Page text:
In this section, you can explore federal spending either by category or by agency. Curious to find out more? Dive deeper to see spending details by subcategory and other options.
Well, a lot. The government buys a variety of products and services used to serve the public — everything from military aircraft, construction and highway maintenance equipment, buildings, and livestock, to research, education, and training. These purchases are classified by Object Classes, a classification system that describes the types of goods and services purchased by the government.
Our partner site, USAspending.gov, allows visitors to explore federal spending by the types of items and services purchased by the federal government. Go explore federal spending by Object Class or to learn how spending categories and subcategories break down, go explore federal spending by Budget Function.
The difference between mandatory and discretionary spending relates to whether spending is dictated by prior law or voted on in the annual appropriations process. Programs like Social Security, Medicare, and various income security programs, are based on laws previously established that dictate the money budgeted for spending each year, which is why spending for those programs is referred to as mandatory.
Discretionary spending is money formally approved by the President and voted on by Congress during the appropriations process each year. Generally, a majority of the discretionary spending is budgeted towards national defense. The rest of discretionary spending is budgeted to other federal agency programs ranging from transportation, education, housing, social service programs, as well as science and environmental organizations.
An additional type of spending that impacts federal spending is supplemental appropriations, also referred to as supplemental spending. In 2020, the U.S. Congress passed four supplemental appropriations laws for the federal government to use in relief efforts, to aid the nation’s recovery from the coronavirus disease 2019 (COVID-19). You can take an in-depth look at those supplemental appropriation laws in the COVID-19 funding analysis.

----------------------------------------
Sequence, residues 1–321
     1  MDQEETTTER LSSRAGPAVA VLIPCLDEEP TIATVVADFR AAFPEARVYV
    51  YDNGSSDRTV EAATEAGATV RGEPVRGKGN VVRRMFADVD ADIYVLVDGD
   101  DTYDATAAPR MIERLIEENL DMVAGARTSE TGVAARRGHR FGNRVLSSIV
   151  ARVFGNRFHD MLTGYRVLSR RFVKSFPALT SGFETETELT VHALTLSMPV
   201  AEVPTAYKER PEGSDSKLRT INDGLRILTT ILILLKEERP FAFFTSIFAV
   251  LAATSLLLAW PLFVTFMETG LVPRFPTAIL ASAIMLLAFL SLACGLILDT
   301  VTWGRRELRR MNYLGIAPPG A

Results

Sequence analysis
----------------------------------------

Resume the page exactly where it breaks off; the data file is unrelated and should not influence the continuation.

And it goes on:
Each year, the Social Security and Medicare Boards of Trustees publish their Annual Report on the financial status of Social Security and Medicare. The Boards’ projections indicate that spending will continue to increase. As the average age of Americans increases, more funding is needed to support entitlement programs like Social Security, Medicare, and retirement and disability services for both military and civil servants. In 2020, the cost of the Social Security and Medicare programs was $2.03 trillion.
The majority of Social Security and Medicare funding comes from tax revenue and interest on trust fund reserves. For 2020, income for these programs was $2.02 trillion. However, costs exceeded revenue starting in 2018 for Medicare Part A and are expected to exceed revenue beginning in 2021 for Social Security. This will require the federal government to begin drawing down trust fund balances in order to continue paying full benefits. While Medicare Parts B and D are largely funded by general revenues and beneficiary premiums, the Boards project that Medicare Part A trust fund will be depleted by 2026 and the Social Security trust fund will be depleted by 2034.
It is important to note that these projections do not include the possible impacts the COVID-19 pandemic may have on the Social Security and Medicare programs.
When you are done here, we encourage you to explore trends in government spending over the past five years.
This visualization was created using the Monthly Treasury Statement (MTS) as the data source for federal government spending of the United States. Some categories from the MTS have been renamed in order to be more easily understood.
The Social Security and Medicare Boards of Trustees publish their Annual Report each year for the prior Fiscal Year. For example, the 2021 Annual Report contains financial information for the 2020 Fiscal Year.